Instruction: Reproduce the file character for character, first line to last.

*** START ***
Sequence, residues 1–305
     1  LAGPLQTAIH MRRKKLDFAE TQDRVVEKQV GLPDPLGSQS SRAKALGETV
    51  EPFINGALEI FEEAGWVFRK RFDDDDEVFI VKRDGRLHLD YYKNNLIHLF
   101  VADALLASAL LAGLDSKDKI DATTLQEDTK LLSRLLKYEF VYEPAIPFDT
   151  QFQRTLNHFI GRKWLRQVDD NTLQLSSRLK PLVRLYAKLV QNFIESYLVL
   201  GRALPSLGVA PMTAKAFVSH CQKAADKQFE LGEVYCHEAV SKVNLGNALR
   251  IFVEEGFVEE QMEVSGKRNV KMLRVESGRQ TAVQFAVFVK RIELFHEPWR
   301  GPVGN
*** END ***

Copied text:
Sequence, residues 1–305
     1  LAGPLQTAIH MRRKKLDFAE TQDRVVEKQV GLPDPLGSQS SRAKALGETV
    51  EPFINGALEI FEEAGWVFRK RFDDDDEVFI VKRDGRLHLD YYKNNLIHLF
   101  VADALLASAL LAGLDSKDKI DATTLQEDTK LLSRLLKYEF VYEPAIPFDT
   151  QFQRTLNHFI GRKWLRQVDD NTLQLSSRLK PLVRLYAKLV QNFIESYLVL
   201  GRALPSLGVA PMTAKAFVSH CQKAADKQFE LGEVYCHEAV SKVNLGNALR
   251  IFVEEGFVEE QMEVSGKRNV KMLRVESGRQ TAVQFAVFVK RIELFHEPWR
   301  GPVGN